A cross-section of Ghanaians are appealing to government to intervene in issues relating to the housing sector to enable workers afford accommodation.
Some callers into the Citi Breakfast Show on Tuesday lamented over how they are fleeced by real estate developers.
This comes on the back of a new report by the Housing Data Center which suggests majority of Ghanaian workers may not be able to buy a house.
The report suggested that salaried workers who plan to buy a home but whose income fall below GHC 4, 000 may have to find a way to increase their salaries or switch to jobs that will boost their income.
Ghana, according to the Minister of Water Resources, Works and Housing, Alhaji Collins Dauda has a social housing problem, with a deficit of 1.7 million units.
He stated that spreading it over a 10-year period, a minimum of 170,000 housing units would have to be built annually.
Government is therefore partnering some private and international companies to help solve this deficit.
Although there are a number of real estate and mortgage companies in the country, many have argued that the houses they construct are not affordable and the prices are way above the pay grade of most Ghanaians.
A lot of Ghanaians have also complained about the stress they have to endure looking for an affordable apartment or house to rent or buy.
A caller into the show said: “When it comes to salary levels, I think the man really has to re-check because I work with one of these insurance companies and we don’t earn around GHC 2,000 and then again, when it comes to these real estate people, the materials they use, I doubt if they really import them.”
Another also stated that “I am looking for a building to rent; just to rent, but the way I am suffering and all I could get was just one self-contain and it’s being priced at GHC 450. Can you imagine?”
“They asked me to do a down payment of 15 percent and the cost of property is $150,000. Now they are getting back to me and saying that they have to increase the price of the property due to the cost of materials. I know my payment is in dollars and so if you look at the dollar to the cedi rate and I am paying it in dollars, why should the inflation and the escalating of prices in materials affect the price? Now that they have increased the price of the property, I want my money back but how do I get my money back?” asked another caller.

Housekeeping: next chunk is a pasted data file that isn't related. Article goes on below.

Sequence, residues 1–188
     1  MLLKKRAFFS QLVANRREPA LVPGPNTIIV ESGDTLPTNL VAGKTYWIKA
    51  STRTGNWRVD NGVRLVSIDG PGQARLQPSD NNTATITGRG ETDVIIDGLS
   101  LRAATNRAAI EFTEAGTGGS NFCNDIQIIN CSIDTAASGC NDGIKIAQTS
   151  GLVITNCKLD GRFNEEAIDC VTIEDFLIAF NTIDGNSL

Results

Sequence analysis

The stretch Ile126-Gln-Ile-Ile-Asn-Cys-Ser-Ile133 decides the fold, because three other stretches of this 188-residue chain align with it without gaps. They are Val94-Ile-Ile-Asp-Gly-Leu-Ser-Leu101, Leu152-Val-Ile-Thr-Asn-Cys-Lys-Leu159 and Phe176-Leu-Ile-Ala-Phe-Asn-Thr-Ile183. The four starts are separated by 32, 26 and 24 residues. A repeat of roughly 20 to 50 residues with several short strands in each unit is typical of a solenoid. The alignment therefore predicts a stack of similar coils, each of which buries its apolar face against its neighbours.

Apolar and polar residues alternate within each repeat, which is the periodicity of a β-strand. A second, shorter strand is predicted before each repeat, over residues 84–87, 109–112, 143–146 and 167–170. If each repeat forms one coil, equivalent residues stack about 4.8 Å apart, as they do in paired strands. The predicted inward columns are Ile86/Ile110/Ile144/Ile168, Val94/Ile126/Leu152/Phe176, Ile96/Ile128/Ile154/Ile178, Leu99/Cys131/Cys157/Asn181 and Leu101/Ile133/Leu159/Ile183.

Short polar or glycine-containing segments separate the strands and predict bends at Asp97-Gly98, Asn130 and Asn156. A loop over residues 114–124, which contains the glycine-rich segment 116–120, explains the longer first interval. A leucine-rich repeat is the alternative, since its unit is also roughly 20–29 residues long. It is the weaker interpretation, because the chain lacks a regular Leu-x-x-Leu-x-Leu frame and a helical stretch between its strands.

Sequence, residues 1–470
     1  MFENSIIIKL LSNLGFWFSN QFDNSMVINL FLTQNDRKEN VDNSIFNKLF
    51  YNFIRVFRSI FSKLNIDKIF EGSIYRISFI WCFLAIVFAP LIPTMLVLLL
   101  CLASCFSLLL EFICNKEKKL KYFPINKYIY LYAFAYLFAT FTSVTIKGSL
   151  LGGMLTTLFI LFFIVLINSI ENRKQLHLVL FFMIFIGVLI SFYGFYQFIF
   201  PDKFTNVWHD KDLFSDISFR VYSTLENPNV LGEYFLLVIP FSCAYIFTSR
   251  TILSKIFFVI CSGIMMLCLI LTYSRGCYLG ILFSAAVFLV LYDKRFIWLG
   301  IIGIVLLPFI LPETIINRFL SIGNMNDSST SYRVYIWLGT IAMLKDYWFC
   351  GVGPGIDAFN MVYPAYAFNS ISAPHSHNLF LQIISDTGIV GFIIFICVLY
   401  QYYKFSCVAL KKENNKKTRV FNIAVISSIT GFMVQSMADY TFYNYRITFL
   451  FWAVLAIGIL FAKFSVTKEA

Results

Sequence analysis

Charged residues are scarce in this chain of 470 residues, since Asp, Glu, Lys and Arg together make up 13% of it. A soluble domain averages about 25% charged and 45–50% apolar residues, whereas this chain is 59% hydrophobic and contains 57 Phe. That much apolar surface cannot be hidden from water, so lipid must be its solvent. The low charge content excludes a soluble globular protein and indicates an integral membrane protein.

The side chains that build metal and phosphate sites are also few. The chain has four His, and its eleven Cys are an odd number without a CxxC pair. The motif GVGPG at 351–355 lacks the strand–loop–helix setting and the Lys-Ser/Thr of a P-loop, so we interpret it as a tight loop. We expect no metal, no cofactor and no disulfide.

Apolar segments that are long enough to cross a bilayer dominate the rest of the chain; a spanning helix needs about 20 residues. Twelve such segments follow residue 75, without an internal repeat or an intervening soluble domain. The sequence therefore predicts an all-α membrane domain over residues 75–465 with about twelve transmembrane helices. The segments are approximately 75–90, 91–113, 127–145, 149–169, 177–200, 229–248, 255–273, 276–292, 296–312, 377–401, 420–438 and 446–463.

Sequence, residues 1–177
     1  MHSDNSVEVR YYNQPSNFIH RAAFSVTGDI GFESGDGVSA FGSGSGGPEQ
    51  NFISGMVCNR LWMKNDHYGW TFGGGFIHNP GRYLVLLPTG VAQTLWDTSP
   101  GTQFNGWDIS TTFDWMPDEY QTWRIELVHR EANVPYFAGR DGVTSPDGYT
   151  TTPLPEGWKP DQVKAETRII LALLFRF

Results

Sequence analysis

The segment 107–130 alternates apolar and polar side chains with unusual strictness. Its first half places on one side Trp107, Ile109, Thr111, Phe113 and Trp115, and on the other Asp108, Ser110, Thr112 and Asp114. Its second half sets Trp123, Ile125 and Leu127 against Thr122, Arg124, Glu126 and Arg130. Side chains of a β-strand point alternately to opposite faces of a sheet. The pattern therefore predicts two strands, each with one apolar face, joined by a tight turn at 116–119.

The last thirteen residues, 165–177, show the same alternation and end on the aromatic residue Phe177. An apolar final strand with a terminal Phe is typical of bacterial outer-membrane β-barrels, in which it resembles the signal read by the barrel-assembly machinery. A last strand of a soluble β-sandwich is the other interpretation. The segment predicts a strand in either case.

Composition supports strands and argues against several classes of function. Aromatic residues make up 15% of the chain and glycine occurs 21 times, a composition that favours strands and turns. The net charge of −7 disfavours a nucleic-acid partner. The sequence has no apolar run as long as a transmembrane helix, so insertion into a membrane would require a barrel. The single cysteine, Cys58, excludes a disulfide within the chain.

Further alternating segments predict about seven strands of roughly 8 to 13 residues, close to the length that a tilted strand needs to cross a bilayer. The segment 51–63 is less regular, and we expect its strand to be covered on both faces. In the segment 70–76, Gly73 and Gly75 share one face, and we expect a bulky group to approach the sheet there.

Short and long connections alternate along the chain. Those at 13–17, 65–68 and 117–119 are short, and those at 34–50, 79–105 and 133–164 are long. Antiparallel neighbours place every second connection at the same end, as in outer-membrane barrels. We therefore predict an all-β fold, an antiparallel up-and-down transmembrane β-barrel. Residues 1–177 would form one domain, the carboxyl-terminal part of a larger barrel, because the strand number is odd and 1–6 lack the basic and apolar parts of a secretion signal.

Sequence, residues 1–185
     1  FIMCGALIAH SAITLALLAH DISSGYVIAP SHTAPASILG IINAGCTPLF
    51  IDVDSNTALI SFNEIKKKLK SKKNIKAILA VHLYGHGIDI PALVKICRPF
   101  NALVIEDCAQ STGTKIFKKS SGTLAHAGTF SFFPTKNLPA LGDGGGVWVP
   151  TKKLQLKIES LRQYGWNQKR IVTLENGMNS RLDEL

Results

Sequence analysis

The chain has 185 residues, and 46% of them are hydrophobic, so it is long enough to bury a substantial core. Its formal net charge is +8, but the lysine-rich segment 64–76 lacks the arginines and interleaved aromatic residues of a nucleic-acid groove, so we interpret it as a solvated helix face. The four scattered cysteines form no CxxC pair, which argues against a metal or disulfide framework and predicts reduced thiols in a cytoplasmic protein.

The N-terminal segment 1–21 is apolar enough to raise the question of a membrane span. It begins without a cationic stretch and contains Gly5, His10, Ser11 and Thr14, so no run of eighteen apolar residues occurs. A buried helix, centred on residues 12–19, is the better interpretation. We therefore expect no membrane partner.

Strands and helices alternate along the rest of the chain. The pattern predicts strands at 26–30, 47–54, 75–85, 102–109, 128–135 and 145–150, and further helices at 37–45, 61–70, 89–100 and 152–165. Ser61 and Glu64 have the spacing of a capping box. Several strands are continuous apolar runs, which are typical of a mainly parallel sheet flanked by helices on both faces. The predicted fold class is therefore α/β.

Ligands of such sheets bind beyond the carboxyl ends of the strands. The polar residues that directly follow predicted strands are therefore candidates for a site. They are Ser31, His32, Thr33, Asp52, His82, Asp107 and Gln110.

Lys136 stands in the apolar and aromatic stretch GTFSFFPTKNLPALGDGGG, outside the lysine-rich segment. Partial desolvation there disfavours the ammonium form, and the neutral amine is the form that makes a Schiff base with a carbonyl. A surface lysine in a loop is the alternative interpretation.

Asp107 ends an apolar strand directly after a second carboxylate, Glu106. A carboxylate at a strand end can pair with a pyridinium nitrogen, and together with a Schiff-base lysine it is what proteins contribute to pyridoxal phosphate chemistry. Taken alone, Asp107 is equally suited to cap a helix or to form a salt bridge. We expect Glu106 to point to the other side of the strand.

Meanwhile, the leader of the research team who came out with the report, Kelvin Kwaku Yeboah, in an interview on the Citi Breakfast Show explained the findings in the report.
According to him, “one bedroom facility is around GHC 120,000 and the monthly payment of that is about GHC 1,820. The qualifying income is around GHC 12,000 so if you earn below GHC 12,000, I’m telling you, you won’t be able to have access to a decent one bedroom facility.”
He noted that the price requires an individual “to make a necessary contribution of not less than 20 percent of the cost of the facility and you can decide to make that contribution to the estate developer or to some of these mortgage firms.”
He insisted that persons who earn below GHC 4,000 will find difficulty in accessing a one bedroom facility.
Regarding the salaries of civil servants, Mr. Yeboah mentioned that public sector workers who earn less than GHC 1,000 “and are spending one third of that per the UN [United Nations] standard as your monthly payment for mortgage and it’s about GHC 330.
Obviously, you can’t get any facility in Ghana that will enable you to be paying GHC 330 a month. You are just out of the bracket.”
By: Efua Idan Osam/citifmonline.com/Ghana